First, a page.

A new US study suggests that weight gain throughout adulthood is linked to an increased risk of developing breast cancer after the menopause for women who do not undergo menopausal hormone therapy (MHT).

The prospective study is published in the 22 October issue of the Archives of Internal Medicine and is the work of researchers at the National Cancer Institute (NCI), part of the National Institutes of Health, based in Bethesda, Maryland, and the AARP (American Association of Retired Persons) based in Washington, DC.

Scientists already knew that being obese or overweight increased the chance of a woman having breast cancer after the menopause. But the relationship between the timing and the amount of weight gain in adulthood had not been investigated before.

Dr Jiyoung Ahn, researcher at the Division of Cancer Epidemiology and Genetics at the NCI, and colleagues reviewed data on 99,039 women who took part in the National Institutes of Health – AARP Diet and Health Study. Body measurements and other personal history data in the study were obtained through self reports in 1996, while breast cancer incidence was assessed from cancer registers, which showed 2111 cases up to the year 2000.

The results showed that:

  • BMI at the age of 50 and 35 years, and waist-hip ratios were linked with greater breast cancer risk, particularly for women not undergoing menopausal hormone therapy (MHT).
  • Weight gained from the age of 18 to the current age, between 18 and 35, between 35 and 50, and between age 50 and the current age was consistently linked with raised breast cancer risk among non MHT users, but not in current MHT users.
  • The link between adult weight change and breast cancer risk was stronger in women who started their periods later than it was for those who started them earlier in life.
  • Among MHT nonusers, the links between BMI and weight change in adulthood were stronger for advanced breast cancers than for nonadvanced breast cancers.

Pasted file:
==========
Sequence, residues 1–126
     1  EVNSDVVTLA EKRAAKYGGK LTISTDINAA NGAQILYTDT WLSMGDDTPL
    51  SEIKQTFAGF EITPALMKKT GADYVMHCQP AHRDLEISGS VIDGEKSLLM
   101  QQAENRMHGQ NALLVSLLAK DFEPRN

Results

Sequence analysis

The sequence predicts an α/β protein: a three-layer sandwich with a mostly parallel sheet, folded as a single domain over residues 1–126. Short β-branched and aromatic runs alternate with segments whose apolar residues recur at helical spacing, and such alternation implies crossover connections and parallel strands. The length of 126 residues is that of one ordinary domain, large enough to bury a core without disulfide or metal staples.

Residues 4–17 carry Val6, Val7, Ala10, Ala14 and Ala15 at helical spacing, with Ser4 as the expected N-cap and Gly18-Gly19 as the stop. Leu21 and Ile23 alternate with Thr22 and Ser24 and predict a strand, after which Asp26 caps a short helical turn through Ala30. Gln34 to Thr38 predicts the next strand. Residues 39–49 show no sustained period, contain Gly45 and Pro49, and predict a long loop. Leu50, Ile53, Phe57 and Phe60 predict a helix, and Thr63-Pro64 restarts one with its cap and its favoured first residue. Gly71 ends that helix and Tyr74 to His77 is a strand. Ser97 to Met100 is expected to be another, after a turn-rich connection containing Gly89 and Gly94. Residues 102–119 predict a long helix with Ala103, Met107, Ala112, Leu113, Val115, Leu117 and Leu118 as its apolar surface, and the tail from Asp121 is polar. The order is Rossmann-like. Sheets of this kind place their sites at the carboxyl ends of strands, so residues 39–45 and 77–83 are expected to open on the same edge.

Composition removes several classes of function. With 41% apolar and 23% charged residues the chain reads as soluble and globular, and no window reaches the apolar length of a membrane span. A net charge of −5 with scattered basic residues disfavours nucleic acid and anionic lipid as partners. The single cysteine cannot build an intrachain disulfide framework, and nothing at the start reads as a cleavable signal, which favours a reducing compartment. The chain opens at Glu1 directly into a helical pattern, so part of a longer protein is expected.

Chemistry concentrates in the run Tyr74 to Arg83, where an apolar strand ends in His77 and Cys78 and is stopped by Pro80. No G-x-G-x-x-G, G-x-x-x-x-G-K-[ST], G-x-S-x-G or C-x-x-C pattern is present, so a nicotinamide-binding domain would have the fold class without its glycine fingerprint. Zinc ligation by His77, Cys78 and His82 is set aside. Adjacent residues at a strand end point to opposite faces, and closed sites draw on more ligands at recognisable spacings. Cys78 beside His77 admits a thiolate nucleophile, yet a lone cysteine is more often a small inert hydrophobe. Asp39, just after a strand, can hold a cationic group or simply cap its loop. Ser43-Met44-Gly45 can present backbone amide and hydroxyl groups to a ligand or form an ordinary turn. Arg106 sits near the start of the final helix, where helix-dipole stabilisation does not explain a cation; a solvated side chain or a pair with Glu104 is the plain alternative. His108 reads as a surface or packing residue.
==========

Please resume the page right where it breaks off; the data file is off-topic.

BMI stands for Body Mass Index, which is a person’s weight in kilograms divided by the square of their height in metres.

It would seem that the timing of when the weight gain occurred during adulthood was important too, especially if the weight gain occurred after 35. For instance women who put on more than 66 pounds (30 kilos) between the ages of 18 and 35 had a 65 per cent higher risk, but those who increased their weight by the same amount between the ages of 35 to 50 had a 223 per cent higher risk of developing breast cancer after the menopause.

It is important to realise that the study is not suggesting that only non users of MHT are at an absolute higher risk of developing postmenopausal breast cancer. What it is saying is that the sensitivity to weight gain is more visible among MHT non users. MHT brings its own risks to developing breast cancer and unless you look underneath the “hood” you don’t see how MHT hides the effect of weight gain.

Speculating on their findings the researchers said it could be because adipose tissue (the fat tissue) produces estrogen, the same hormone that is produced in ovaries in premenopausal women. But as the ovaries begin to shut down, the effect of estrogen in the fat tissue becomes relatively stronger, so the more fat there is, the more likely that estrogen levels will be maintained later in adulthood and through the menopause. Estrogen is the hormone that helps certain breast cancers to develop.

The results appear to confirm that putting more estrogen into the body increases the risk of breast cancer for older women, whether that estrogen comes from hormone therapy or from having too much adipose tissue, i.e. being overweight. The postmenopausal women at lowest risk seem to be the ones with the lowest levels of estrogen, i.e. those who stay lean and do not use MHT.

“Adiposity, Adult Weight Change, and Postmenopausal Breast Cancer Risk.”
Jiyoung Ahn; Arthur Schatzkin; James V. Lacey Jr; Demetrius Albanes; Rachel Ballard-Barbash; Kenneth F. Adams; Victor Kipnis; Traci Mouw; Albert R. Hollenbeck; Michael F. Leitzmann.
Arch Intern Med, Oct 2007; 167 (19): pp 2091 – 2102.

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Written by: Catharine Paddock